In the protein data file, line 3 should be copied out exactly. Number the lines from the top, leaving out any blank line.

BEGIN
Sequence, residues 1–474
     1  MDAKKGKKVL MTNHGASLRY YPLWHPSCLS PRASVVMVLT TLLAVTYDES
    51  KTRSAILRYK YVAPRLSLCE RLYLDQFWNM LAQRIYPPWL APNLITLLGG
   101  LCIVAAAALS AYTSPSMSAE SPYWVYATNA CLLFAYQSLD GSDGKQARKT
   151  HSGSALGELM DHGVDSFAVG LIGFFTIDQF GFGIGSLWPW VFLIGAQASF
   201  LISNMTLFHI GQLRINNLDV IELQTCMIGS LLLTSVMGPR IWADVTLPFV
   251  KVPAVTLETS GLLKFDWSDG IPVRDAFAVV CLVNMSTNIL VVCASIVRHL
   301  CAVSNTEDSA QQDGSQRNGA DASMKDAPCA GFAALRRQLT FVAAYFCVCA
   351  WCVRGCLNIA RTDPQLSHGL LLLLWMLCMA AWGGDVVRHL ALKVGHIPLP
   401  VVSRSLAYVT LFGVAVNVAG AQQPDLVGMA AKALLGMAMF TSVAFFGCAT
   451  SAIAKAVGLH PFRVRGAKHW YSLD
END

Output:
    51  KTRSAILRYK YVAPRLSLCE RLYLDQFWNM LAQRIYPPWL APNLITLLGG